How to Advance (Advancement)
Most States have four levels of certification for water and liquid waste treatment plant and system operators. On the basis of criteria such as the size of the plant and the treatment processes employed, each plant is given a corresponding level. A small system may only require the lowest level of certification. An operator who has that certification would be able to operate the plant without any supervision. In some States, operators in small plants can earn higher certifications through knowledge tests, while in other States, experience in a larger plant is required. Either way, operators in these plants will find it difficult to advance in their careers without moving to a larger plant.
As plants get larger and more complicated, operators need more skills before they are allowed to work without supervision. At the largest plants, operators who have the highest level of certification work as shift supervisors and may be in charge of large teams of operators. Operators in these plants can start as trainees and work through the different levels of certification until they advance to the level of shift supervisor.
Some experienced operators get jobs as technicians with State drinking-water-control or water-pollution- control agencies. In that capacity, they monitor and provide technical assistance to plants throughout the State. Vocational-technical school or community-college training generally is preferred for technician jobs. Experienced operators may transfer to related jobs with industrial liquid-waste treatment plants, water or liquid waste treatment equipment and chemical companies, engineering consulting firms, or vocational-technical schools.
Water and wastewater treatment plant and system operators held about 113,400 jobs in 2008. About 78 percent of all operators worked for local governments. Others worked primarily for water, sewage, and other systems utilities and for waste treatment and disposal and waste management services. Jobs were located throughout the country.
Water and wastewater treatment plant and system operator jobs are expected to grow much faster than the average for all occupations. Job opportunities should be excellent for qualified workers.
Employment of water and liquid waste treatment plant and system operators is expected to grow by 20 percent between 2008 and 2018, which is much faster than the average for all occupations. A growing population and the increasingly suburban geography of the United States are expected to boost demand for water and wastewater-treatment services. As new plants are constructed to meet this demand, new water and wastewater treatment plant and system operator jobs will arise.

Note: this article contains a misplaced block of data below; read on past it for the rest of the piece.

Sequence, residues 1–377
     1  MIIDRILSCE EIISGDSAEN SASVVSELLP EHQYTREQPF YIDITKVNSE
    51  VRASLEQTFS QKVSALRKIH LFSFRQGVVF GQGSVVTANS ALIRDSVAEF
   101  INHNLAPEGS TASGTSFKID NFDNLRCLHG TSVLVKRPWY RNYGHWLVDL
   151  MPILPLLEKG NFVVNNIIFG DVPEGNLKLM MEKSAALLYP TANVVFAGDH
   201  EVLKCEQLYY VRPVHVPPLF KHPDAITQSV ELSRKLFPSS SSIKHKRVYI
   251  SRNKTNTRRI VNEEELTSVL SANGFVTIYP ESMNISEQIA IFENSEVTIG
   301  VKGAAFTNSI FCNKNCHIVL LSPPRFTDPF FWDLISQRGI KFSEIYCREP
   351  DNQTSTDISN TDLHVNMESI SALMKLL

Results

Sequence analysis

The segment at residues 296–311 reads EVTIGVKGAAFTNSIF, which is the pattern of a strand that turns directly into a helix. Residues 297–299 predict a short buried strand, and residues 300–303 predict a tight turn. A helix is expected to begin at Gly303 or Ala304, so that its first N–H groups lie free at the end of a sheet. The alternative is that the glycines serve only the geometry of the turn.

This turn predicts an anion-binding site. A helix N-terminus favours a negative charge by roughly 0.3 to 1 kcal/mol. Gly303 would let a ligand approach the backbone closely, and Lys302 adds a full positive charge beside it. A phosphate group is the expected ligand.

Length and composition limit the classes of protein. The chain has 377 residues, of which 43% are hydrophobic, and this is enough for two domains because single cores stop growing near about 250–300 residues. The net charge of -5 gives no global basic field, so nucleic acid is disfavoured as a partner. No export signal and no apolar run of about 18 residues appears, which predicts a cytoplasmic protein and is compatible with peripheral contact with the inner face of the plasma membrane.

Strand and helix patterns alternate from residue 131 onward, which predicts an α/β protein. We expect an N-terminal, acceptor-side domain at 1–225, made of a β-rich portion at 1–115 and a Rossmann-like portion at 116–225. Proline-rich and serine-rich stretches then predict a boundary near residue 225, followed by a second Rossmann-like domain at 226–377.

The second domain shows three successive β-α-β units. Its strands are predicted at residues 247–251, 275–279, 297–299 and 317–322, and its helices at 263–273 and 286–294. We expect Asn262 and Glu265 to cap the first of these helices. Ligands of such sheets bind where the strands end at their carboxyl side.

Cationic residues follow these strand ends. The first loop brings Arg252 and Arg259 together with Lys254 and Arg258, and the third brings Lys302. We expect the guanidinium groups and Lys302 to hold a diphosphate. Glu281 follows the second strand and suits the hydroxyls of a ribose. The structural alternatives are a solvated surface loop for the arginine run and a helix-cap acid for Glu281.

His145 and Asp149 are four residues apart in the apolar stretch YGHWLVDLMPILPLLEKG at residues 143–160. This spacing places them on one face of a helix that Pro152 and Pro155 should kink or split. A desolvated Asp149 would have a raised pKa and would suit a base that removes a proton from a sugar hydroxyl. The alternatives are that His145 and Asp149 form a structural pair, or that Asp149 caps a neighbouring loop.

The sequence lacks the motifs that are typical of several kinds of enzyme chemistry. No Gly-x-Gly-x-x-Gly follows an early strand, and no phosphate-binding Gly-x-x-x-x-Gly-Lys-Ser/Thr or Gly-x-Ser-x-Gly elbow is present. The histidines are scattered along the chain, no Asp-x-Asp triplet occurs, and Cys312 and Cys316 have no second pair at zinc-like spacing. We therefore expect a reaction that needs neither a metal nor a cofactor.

Local governments are the largest employers of water and wastewater treatment plant and system operators. Employment in privately owned facilities will grow faster, because Federal certification requirements have increased utilities' reliance on private firms specializing in the operation and management of water- and wastewater-treatment facilities.
Job opportunities should be excellent, both because of the expected much faster than average employment growth and because the retirement of the baby-boomer generation will require that many operators be replaced. Further, the number of applicants for these jobs is normally low, primarily because of the physically demanding and unappealing nature of some of the work. Opportunities should be best for people with mechanical aptitude and problem-solving skills.
Median annual wages of water and wastewater treatment plant and system operators were $38,430 in May 2008. The middle 50 percent earned between $30,040 and $48,640. The lowest 10 percent earned less than $23,710, and the highest 10 percent earned more than $59,860. Median annual wages of water and liquid waste treatment plant and systems operators in May 2008 were $38,510 in local government and $37,620 in water, sewage, and other systems.
In addition to their annual salaries, water and wastewater treatment plant and system operators usually receive benefits that may include health and life insurance, a retirement plan, and educational reimbursement for job-related courses.
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